I’ve started up the Lovespoon carving again and I’m surprised how relaxing it is just to sit down during the lunch break and whittle away at a chunk of wood. The design that I stumbled upon was during the Valentine day week when I was thinking about what to get for my wife. I had a piece of mahogany that was six inches by two inches by one and a half inches and thought I would design a Lovespoon with two hearts staged one on top of the other. As the design evolved I thought I would split the hearts and carve the spoon bowl inside the heart shape and have the two halves joined together with a link.
I have always liked the look of having a carving with a movable link, it’s the challenge of being able to achieve the carving without snapping the part. One of my previous Lovespoons also sported a link but on that occasion it was a little more difficult to carve as I had left little room to maneuver, this time I made sure to leave enough space between the body and the link for hand sawing.
The first task was to sketch out the two hearts that would be the main focus of the theme and leave one inch of material for the link. I made sure to use the total width and depth of the wooden blank leaving a minimal amount to remove on the bandsaw.
With the design established I first removed the material around the end that would become the link. The link is to be half an inch thick and the connecting ring of the heart would be the same, once chiseled out the end would look like a (+) plus sign. Once this is established, the link can be penciled in place with the connecting ring intersecting the moving link with areas that are to be removed colored in so there will be no mistakes. For me this is always the nerve racking part, don’t cutout the wrong piece, hence the color coding. I would always use the largest drill bit to remove the material, first around the link then around the main body ring. From there on in it’s a case of using a jewelers saw with a scroll saw blade to finely cut between the links and gain separation.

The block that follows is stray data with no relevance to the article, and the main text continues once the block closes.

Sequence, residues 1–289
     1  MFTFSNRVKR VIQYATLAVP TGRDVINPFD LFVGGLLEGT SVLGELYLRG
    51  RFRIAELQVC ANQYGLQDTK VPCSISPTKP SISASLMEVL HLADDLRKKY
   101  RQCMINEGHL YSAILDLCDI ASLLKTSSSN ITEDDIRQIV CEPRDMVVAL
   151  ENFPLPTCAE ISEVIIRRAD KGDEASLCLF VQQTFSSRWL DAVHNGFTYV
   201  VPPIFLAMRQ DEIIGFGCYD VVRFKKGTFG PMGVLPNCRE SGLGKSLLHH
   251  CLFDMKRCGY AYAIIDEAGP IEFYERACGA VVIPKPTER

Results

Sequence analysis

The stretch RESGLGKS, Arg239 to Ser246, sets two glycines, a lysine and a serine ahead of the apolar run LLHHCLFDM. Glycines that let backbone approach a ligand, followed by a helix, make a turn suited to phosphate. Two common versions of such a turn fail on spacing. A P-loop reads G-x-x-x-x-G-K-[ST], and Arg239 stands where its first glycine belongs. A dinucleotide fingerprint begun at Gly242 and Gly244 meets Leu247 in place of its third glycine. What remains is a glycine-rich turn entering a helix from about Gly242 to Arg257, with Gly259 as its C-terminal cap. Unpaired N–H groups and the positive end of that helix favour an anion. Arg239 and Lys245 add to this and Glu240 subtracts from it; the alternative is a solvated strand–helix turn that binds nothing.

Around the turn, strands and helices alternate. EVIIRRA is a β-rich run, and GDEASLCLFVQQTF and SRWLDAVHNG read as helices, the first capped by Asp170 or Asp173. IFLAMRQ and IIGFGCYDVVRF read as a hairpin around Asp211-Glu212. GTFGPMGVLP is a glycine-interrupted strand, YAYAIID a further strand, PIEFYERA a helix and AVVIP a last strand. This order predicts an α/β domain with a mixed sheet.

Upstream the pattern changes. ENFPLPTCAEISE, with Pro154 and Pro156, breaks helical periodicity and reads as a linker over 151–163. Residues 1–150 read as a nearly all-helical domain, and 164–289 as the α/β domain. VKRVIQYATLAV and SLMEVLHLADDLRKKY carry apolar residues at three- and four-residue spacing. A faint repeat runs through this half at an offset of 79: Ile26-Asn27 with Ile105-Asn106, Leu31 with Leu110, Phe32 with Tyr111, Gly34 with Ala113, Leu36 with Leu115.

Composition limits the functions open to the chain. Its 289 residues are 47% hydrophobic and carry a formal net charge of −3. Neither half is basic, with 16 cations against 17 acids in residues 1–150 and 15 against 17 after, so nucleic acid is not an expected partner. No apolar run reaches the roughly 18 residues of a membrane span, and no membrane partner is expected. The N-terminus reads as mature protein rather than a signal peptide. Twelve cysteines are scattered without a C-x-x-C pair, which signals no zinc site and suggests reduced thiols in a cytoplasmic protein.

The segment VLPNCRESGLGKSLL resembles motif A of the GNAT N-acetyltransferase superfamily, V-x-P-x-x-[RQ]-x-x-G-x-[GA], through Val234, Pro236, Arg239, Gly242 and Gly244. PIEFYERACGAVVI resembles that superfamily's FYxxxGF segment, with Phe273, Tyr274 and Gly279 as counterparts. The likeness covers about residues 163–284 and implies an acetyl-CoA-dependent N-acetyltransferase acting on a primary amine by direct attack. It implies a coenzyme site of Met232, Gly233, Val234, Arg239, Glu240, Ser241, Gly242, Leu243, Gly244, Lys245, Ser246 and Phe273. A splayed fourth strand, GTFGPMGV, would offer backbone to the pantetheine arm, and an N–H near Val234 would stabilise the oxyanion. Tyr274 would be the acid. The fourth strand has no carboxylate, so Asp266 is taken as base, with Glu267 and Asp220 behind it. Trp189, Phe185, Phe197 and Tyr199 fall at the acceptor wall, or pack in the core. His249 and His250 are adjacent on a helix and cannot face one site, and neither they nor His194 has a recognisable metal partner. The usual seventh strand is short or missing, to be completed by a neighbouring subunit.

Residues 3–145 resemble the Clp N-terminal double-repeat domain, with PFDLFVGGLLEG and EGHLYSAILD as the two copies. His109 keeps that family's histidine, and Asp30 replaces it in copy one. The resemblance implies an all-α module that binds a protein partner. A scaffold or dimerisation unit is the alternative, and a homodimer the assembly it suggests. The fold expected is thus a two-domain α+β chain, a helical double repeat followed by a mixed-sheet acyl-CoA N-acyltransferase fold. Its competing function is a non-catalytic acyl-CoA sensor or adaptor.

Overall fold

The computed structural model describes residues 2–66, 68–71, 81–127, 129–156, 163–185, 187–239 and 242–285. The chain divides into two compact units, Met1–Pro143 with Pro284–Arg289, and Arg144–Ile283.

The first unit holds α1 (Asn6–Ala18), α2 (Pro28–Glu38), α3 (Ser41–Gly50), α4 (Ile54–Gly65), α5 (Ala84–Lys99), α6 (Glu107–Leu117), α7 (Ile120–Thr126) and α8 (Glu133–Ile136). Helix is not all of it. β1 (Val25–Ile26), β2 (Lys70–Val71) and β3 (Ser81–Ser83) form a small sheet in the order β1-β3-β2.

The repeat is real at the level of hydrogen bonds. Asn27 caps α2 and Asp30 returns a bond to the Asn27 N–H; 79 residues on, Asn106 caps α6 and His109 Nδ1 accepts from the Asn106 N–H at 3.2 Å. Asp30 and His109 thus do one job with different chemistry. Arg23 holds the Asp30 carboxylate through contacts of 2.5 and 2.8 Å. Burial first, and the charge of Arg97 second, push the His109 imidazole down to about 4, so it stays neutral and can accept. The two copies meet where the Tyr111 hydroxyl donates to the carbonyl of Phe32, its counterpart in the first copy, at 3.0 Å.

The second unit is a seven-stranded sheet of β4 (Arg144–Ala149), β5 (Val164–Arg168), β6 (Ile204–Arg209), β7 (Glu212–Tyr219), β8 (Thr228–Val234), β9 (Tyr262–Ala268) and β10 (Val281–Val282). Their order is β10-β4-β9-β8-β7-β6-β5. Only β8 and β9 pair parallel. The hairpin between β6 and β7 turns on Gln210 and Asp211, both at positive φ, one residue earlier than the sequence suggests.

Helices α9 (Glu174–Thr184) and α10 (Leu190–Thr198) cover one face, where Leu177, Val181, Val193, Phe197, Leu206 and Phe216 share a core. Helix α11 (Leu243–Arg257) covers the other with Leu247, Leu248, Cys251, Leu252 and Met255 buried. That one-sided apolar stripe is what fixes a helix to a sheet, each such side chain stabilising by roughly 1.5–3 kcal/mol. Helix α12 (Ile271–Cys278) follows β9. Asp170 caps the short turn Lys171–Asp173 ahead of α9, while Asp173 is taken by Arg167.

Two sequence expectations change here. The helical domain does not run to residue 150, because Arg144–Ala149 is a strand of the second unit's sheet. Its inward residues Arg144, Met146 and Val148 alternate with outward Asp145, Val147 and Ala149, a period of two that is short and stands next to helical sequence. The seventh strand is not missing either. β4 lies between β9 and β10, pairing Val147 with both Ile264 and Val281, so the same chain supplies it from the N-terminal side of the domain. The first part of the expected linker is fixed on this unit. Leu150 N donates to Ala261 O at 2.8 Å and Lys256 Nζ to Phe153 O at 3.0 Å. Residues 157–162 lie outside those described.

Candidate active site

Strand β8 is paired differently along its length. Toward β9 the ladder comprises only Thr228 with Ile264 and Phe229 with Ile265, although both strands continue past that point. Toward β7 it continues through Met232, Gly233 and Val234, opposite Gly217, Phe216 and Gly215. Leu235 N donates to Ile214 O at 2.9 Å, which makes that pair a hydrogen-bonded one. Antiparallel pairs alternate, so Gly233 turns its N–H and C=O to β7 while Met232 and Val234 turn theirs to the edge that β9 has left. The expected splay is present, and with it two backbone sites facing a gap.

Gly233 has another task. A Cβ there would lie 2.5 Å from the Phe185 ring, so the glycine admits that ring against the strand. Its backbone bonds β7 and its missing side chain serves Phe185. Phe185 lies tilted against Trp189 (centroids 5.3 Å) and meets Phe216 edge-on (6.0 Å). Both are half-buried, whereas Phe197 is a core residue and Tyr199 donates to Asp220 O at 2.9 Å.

The reason for cutting out the link first is so that you can use the stability of the flat planes to keep the wood blank flat whilst drilling and carving in a vise. As soon as the link is free the rest of the shape can be cutout on the bandsaw and carving commences. At any stage when power tools can help to remove material quickly adopt that method but take extra safety precautions, as with any small carving it is easy to lose control especially when in close.
The fullness of the hearts are carved first with a three quarter inch chisel before moving on to the link. Even though the link is separated I need to keep as much material on it while I shape the main body because of the constant handling. Once the hearts are shaped they can be sanded to remove most of the unevenness then attention can be paid to refining the link. For this job I used smaller Flexcut® carving tools to slowly remove the excess material between the links, I also needed to shape the outside of the link so that it would pivot around the fixed link.
Shaping the link is a time consuming process because of the delicate nature of carving between sections. One slip with the sharp carving tools can easily slice through the retaining ring but patience will ultimately get the job done.
With the link refined I can turn my attention to splitting the hearts, for this I will use the bandsaw but only as far as the link. To separate between the link I used a hacksaw blade because it’s rigid enough to control the cut. The cut is made from each side until there is only the mid section to cut and with the link being deep enough the hacksaw blade can just manage to separate the two halves. The inside faces of the two halves are sanded to give a flat a plane as possible so that the two halves would appear as one when pushed together.
For the inner face design I had decided to carve out the bowl of the spoon on each half and the upper section would have a heart carved into each half. The spoon bowl would be connected to the heart by a single carved channel giving the overall effect of a spoon on each half. With the carving refined with small carving gouges and chisels the overall carved piece is finished off with various grades of sandpaper then coated with a citrus paste wax. This paste wax is then buffed out and again rubbed down with very fine sandpaper or even wire wool to fill in most of the grain before receiving a final coat of paste wax and buffed out smooth. The end result is a silky smooth finish that has a beautiful low gloss sheen. The final touch is to carve in my initials and the date of creation i.e. SA0208. For me a satisfactory and pleasing end result from a small chunk of wood.